Attempts at improvement wisely begin with the foundation rather than the superstructure, and this is true of a university where the foundation is laid in the undergraduate portion or college. If that is not sound, the graduate and professional schools are endangered. A revision of the instruction under the Faculty of Arts and Sciences began, therefore, with the college, and indeed with the freshman class. In 1902 there was strong and just criticism among teachers of the older academic subjects that in the large lecture courses for the lower classes the amount and thoroughness of the work required were not what they should be. A "Committee on Improving Instruction" was appointed, primarily to investigate these courses, but by no means confined thereto.
Too Little Studying
The labors of the Committee covered more than a year, and ended in a report in 1903 stating, among other things, that the average amount of study was discreditably small, and that there was too much teaching and too little studying. It urged also "the importance of encouraging a greater number of men to take honors at graduation, and of making honors something more than purely scholastic distinction for young specialists; for the Committee believes that students in pursuit of general culture should be encouraged in a thorough and somewhat advanced study of subjects to which they do not intend to devote their lives." One of the immediate results was a stiffening of not a few courses, and the report was followed some years later by rules requiring concentration and distribution in studies, instead of an uncontrolled, and too often haphazard, election.
The requirement or concentration, that is of electing not less than six courses in one subject, paved the way for another change. Of late the public has heard much of general or comprehensive examinations for honor students in their special fields. This is an old story to us, such an examination having been prescribed for candidates for honors as early as 1871; and it has been in force ever since, usually taking the form of oral questioning before a committee of the department. This test was in addition to grades in courses, and was commonly used to ascertain both range of knowledge and originality in thought. The candidate for honors had been obliged to take at least a fixed number of courses in his subject; and when all men were required to do so the question was naturally presented of extending such an examination to all, one of the objects being to place men with intellectual capacity, but without sufficient stimulus to exert it, in a position where, having to pass for graduation a general examination on their field of work, they would be tempted to do it with distinction--a result now in large measure attained. The examination involved the use of tutors to cover the vacant spaces between courses, and to correlate the different parts of the subject. But this system has been discussed so often in these reports that it seems needless to do so again here. Suffice it to say that it was adopted first by the Division of History, Government and Economics, and after experience there had proved satisfactory it spread to other departments, until now it has been voluntarily taken up in practically every subject, save that of Chemistry.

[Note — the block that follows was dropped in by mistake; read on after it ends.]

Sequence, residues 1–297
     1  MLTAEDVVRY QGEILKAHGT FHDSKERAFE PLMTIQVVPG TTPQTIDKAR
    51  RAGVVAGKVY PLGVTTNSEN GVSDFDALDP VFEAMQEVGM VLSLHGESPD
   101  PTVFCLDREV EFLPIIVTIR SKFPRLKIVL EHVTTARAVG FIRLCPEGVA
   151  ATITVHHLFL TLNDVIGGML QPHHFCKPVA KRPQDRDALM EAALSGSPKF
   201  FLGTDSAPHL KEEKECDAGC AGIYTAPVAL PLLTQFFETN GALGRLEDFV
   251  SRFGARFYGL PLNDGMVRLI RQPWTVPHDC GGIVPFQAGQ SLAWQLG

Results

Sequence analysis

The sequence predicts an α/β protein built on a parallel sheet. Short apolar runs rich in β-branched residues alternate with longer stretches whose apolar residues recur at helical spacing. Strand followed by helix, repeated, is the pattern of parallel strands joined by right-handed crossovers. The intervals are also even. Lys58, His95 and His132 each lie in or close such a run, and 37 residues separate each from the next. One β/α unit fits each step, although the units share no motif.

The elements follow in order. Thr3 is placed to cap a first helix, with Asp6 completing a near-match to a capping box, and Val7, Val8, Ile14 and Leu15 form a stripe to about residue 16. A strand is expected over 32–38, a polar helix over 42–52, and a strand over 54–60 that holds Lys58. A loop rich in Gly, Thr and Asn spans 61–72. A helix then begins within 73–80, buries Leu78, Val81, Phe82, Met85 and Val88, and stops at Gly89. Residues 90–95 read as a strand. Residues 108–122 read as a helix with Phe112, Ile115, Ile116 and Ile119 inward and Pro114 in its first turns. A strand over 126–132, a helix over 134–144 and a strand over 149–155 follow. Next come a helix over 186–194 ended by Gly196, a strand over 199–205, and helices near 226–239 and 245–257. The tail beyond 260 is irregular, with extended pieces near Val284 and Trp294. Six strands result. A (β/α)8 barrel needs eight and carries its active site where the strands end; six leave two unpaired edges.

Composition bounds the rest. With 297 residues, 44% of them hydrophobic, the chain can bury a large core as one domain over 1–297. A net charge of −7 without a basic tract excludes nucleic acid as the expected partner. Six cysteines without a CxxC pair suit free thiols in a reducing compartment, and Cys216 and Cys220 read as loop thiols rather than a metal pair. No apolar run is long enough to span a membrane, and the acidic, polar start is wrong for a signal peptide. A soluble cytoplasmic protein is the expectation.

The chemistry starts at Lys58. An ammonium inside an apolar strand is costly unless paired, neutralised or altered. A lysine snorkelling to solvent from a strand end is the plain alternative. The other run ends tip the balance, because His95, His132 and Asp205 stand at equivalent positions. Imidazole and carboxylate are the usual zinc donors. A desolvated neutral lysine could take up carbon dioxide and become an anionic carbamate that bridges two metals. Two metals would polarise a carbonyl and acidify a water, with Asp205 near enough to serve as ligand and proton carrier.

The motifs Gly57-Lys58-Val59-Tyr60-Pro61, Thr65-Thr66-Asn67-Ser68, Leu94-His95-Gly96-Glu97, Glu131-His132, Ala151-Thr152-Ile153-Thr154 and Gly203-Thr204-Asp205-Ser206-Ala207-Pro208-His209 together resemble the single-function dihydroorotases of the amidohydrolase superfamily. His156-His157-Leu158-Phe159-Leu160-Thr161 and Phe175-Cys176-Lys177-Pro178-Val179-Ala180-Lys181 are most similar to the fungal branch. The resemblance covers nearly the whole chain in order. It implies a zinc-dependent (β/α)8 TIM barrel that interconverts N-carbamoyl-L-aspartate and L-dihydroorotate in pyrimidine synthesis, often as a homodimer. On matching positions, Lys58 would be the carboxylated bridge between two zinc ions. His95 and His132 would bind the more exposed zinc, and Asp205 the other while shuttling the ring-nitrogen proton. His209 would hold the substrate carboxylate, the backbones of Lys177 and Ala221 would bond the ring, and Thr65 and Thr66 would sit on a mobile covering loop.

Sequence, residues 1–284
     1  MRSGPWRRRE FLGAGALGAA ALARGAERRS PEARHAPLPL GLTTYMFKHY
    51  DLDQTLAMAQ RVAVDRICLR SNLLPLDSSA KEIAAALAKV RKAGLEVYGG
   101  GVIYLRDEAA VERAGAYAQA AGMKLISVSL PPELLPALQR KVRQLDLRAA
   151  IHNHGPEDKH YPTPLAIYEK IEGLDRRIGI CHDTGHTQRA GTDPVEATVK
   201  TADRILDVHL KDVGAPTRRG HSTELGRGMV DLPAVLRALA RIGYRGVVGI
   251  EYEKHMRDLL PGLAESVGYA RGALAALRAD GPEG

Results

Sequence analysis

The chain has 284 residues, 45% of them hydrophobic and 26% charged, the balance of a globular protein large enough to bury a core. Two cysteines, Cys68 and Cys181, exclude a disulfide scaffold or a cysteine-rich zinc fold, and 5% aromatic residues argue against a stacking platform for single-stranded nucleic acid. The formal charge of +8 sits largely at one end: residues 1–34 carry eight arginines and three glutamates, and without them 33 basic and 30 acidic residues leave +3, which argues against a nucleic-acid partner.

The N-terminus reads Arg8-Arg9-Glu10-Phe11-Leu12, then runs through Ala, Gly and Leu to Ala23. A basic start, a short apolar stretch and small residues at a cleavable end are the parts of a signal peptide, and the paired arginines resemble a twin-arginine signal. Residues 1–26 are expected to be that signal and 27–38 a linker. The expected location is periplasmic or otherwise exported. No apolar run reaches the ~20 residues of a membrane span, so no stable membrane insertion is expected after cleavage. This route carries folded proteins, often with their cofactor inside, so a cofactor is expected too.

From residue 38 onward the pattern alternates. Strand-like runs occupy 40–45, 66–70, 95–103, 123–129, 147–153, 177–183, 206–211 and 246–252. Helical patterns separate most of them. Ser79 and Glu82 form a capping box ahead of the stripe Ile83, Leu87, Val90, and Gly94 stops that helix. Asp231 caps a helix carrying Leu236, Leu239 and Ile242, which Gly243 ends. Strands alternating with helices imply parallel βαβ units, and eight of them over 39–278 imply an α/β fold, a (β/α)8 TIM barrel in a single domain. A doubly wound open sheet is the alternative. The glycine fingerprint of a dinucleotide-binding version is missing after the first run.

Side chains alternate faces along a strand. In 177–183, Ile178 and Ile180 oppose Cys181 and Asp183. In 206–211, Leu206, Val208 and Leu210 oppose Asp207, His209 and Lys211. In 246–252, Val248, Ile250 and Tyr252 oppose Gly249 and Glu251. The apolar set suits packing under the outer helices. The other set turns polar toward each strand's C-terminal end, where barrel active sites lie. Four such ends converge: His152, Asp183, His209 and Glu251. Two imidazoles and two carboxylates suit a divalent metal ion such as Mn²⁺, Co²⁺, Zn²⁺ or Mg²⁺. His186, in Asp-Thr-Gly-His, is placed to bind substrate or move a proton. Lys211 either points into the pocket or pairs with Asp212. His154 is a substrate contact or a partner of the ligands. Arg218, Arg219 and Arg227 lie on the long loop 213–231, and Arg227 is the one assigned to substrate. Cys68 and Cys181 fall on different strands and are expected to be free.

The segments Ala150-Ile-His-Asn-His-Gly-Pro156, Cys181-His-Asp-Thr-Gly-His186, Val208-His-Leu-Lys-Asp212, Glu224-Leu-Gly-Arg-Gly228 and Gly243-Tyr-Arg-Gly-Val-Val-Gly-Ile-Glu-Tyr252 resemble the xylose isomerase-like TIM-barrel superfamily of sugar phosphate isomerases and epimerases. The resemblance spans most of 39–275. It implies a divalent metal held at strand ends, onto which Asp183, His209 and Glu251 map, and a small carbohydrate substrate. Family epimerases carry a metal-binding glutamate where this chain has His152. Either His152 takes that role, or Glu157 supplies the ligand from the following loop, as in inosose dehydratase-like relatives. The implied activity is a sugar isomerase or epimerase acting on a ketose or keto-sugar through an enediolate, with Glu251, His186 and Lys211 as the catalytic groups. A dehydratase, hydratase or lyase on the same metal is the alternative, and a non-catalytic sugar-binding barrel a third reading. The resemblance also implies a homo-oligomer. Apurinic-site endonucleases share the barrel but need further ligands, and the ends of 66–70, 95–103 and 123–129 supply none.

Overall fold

All human results come from a combination of causes, and those we see among our undergraduates may fairly be ascribed in part to the change in educational methods. Our college students as a whole appear more mature than a generation ago, not only in schol-